One-to-one physio over Zoom a crucial aid for cystic fibrosis patients

Service is saving sufferers the long commutes and risk of infection they previously endured

Like many other initiatives, the virtual physiotherapy service for people with cystic fibrosis (CF) had been planned before the Covid-19 pandemic hit Ireland. But the Sláintecare-funded service, initiated by Irene Maguire, senior physiotherapist at Galway University Hospital, has since become a lifeline for those with CF – who have to be extra careful to avoid infections whether there is a pandemic or not.

The one-to-one Zoom calls – which were first offered to adults with CF and are now becoming available to teenagers and children with CF in the Saolta healthcare region (Donegal to Clare including Sligo, Mayo, Galway and Roscommon) – are tailored to individual needs.

“People are more comfortable and confident in their own homes. Most people use it for aerobic or strengthening exercises but we can also do airway-clearance, a review of lung function and remote monitoring of weight, heart rate, oxygen saturation,” explains Maguire.

Sláintecare funding allowed the physiotherapy department at Galway University Hospital to employ Stephen Bradish as an extra senior physiotherapist dedicated to the virtual physiotherapy service, and this position has since been made permanent.


Given the large geographical area that the hospital serves, not having to attend the hospital for physiotherapy sessions is a big advantage for many people with CF. Maguire cites an example of a teenager boy from Claremorris, Co Mayo, who was previously attending Galway University Hospital for up to three physiotherapy sessions per week. "He saved about €8,000 in travel costs and over 200 hours of his time by attending online sessions, and he build up his capacity and strength through exercises so that he was able to get through his days in college," says Maguire.

'Having the one-to-one zoom sessions with a physiotherapist has been like 'having a personal trainer provided by the HSE'

James, who was diagnosed with CF as a baby and is now in his 30s, says that having the one-to-one zoom sessions with a physiotherapist has been like “having a personal trainer provided by the HSE”.

Prior to these weekly half-hour sessions, his level of exercising oscillated according to how he was feeling. “If you’ve been sick, you’re are less motivated and not able to do as much as you’d like so you lose weight and have reduced lung capacity, which makes it harder to get back to the level you were at.”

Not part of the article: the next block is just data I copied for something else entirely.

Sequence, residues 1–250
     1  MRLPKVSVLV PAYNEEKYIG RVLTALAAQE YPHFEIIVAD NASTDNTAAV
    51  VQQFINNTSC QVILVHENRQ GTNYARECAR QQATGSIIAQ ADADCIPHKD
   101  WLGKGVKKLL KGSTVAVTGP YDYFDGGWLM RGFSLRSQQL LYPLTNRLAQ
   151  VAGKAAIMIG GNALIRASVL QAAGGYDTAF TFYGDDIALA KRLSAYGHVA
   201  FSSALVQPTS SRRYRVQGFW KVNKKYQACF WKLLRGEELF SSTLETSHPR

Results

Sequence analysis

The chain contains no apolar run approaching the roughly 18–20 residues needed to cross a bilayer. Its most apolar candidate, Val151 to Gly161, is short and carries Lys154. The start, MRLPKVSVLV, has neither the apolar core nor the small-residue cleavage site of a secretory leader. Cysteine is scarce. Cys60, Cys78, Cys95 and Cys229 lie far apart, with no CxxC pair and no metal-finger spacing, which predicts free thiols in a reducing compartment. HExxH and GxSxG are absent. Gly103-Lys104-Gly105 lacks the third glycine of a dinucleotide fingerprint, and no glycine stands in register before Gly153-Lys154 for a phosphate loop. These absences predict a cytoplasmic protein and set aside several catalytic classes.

‘Strong mindset’

He adds: “It takes a strong mindset to keep at it, but when you can set up a zoom call on your computer on the island in your kitchen and do a 30-minute programme tailored to your level, you can maintain a level of exercise.”

James says that he feels very lucky to have access to the virtual service. “I can see the full body of the physiotherapist on screen and we talk about whether I’m finding the exercises hard or easy and negotiate how much to do. One day I was feeling wrecked and we did yoga. Sometimes, I’m not keen beforehand but I feel the responsibility to turn up and give my best effort in respect to the physiotherapist. I feel like I haven’t gone backwards [in terms of physical exercise] since I started.”

'Even if I'm having a bad day, I can get up and log on to do the exercises and go back to bed if I need to'

Pia who is also in her 30s, says that doing the Zoom sessions has given her a great sense of achievement. “CF hasn’t been that great for me since I hit my 30s. But, working with somebody who understands the needs of my body, my fitness levels, what I am able for and what I am capable of doing, motivates me to do more that I would if I was doing it alone at home.”

She says that she can see steady progress and is building up her strength. “Even if I’m having a bad day, I can get up and log on to do the exercises and go back to bed if I need to. Also, the physiotherapist teaches me exercises that I wouldn’t know, so the variety means I don’t get bored doing them.”

A survey of patients availing of the virtual physiotherapy sessions found that there was a 28 per cent overall improvement in their quality-of-life scores and a 39 per cent improvement on their symptom scores. “We were able to offer 11 times more appointments – because we had an extra funded physiotherapist dedicated to this service and every single scheduled appointment was filled between April 2020 and April 2021,” says Maguire.

Dr Michael O’Mahony, consultant respiratory physician and director of the adult CF unit at Galway University Hospital, adds that another big advantage of regular contact with CF patients via these online physiotherapy sessions is that the physiotherapist can pick up on subtle symptoms changes earlier on.

“It can act as an early warning system and problems can be flagged with the team so that the doctor or CF nurse can review the patient remotely using spirometer (which measures lung function), pulse oximeter (which measures oxygen levels) and a weighing scales connected to a digital app. We can then recommend oral antibiotics if they are needed and monitor the patient over the course of the infection to see if they need intravenous antibiotics.”

Respiratory consultants at Galway University Hospital are now also considering using the virtual physiotherapy sessions as a template for the delivery of other telehealth services to patients with other chronic respiratory conditions.

“It will never replace face-to-face sessions, because we need to see our patients, but a blended model should work well into the future,” says Maguire.